I'm on this shore again. The sky is spectacular: grey threatening clouds everywhere, but directly above me a large patch of brilliant blue and several skeins of sun-kissed white cirrus. The creek in front of me leads out to a long sandbar, beyond which is the sea. Several young men are playing a spirited game of cricket, the batsmen having the better of it if the regular thump of bat on ball and the screams of "Run!" tell the truth. Beyond them, dozens of boats in many colours are pulled up on the beach; fishermen sit among them tending their nets, or just chatting.
At my feet and for a few dozen feet ahead, the sand looks like it did when I was last here, as if it really has not been touched since then. In over eight months? Hardly likely. Yet it does seem that way. Doesn't it look freshly turned over, lumpy, aren't those the treadmarks of a heavy vehicle? Maybe even an ... earthmover?
The last time I was here, I watched an earthmover trying to lift the body of a woman free of a tangle of nets and weeds she was caught in. It had dug a grave for her, and she had to be lowered in there. But it was a difficult business. Eventually, the machine managed to lay the lady to rest. Thus was one more victim of the monster wave of December buried.
And I'm drawn back to this spot, behind Pandala Salai in Nagore, like a moth to a flame. The remarkable photographer Joel Sternfeld once did an entire book of photographs of scenes of great disaster; and it's on this trip back here that I begin to understand why. I know this is the spot where that poor woman was buried, back in December. I remember the scene in deep-etched detail, down to the man who ran up and used his cellphone to take a photograph of the body and his friends crowded around to see it, as if it wasn't enough to see the body itself in tragic flesh.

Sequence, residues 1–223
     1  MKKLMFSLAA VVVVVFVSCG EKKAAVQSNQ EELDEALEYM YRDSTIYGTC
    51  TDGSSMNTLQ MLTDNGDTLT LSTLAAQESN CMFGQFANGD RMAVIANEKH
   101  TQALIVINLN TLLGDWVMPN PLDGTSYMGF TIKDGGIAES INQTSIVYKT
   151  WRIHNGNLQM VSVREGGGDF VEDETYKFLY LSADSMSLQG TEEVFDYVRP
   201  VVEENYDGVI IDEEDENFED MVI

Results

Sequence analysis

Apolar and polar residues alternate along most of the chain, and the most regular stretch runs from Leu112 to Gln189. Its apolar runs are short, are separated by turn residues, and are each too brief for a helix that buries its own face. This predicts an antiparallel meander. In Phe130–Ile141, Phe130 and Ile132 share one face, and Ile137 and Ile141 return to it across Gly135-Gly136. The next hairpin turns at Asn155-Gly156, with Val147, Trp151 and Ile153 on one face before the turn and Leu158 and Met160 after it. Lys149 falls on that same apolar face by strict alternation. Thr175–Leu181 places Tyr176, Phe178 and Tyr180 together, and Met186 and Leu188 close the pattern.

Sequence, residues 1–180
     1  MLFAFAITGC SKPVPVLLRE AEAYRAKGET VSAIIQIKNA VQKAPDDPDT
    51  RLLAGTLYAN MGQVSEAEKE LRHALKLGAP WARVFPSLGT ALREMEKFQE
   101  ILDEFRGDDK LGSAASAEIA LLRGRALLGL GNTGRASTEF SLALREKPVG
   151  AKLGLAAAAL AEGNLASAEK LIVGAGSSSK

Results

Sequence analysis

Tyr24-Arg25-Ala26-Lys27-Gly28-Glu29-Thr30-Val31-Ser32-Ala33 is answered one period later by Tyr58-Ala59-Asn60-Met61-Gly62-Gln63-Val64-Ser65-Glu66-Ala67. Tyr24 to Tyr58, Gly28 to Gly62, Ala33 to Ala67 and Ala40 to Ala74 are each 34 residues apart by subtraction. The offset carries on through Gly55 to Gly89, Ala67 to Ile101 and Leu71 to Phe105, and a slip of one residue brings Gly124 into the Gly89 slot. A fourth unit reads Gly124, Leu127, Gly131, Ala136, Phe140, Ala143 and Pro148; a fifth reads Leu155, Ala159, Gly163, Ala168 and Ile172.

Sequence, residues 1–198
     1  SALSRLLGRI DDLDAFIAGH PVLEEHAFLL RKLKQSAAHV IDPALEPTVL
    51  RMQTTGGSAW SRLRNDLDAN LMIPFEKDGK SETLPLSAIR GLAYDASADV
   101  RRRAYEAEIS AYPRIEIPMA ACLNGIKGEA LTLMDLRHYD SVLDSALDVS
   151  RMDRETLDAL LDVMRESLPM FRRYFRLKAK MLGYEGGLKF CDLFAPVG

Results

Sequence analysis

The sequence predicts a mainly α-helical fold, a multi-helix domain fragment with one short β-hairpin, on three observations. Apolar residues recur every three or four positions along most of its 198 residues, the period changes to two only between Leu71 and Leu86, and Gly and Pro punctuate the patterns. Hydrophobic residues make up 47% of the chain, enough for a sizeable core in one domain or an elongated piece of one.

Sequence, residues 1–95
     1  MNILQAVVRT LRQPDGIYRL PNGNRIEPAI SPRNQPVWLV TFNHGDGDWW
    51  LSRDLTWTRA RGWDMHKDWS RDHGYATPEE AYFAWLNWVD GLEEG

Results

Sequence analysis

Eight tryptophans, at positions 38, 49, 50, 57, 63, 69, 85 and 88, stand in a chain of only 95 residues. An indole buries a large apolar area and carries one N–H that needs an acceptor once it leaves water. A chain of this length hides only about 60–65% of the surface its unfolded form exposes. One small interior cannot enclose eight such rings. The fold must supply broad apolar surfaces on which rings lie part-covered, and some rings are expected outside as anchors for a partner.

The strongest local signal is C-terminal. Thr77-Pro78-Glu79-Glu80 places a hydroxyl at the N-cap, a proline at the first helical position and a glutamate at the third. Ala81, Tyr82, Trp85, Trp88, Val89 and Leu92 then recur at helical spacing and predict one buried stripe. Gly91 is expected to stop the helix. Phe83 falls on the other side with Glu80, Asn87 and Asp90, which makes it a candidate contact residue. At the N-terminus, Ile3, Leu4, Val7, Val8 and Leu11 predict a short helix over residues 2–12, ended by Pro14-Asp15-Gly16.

And I'm back here and those details race before me, seem to rise out of this lumpy sand itself.
It must be the fate of the visitor, the Sternfelds if you like, to remember that detail. Because people who live here, for better or worse and probably better, seem to have forgotten and moved on. You live beside that inadvertent grave day in and day out, how long are you going to stop and remember? Yet you come back after months, and you will stop and remember.
The memories of that day here, and of other tragedy elsewhere on this coast, flood through me as I stand there. Then I take a walk, but am drawn back to this spot again. By this time the cricket game has ended and the men stream past me, looking at me curiously but furiously dissecting the match. And one man -- I don't know if he's a cricketer -- strolls past me to the bushes just beyond the lumpy spot. He strolls there, unzips, does what he must and strolls back.
I want to shout, there's a woman some feet below you, do you know? But maybe I'm the only one here who remembers, and maybe it's best if it stays that way.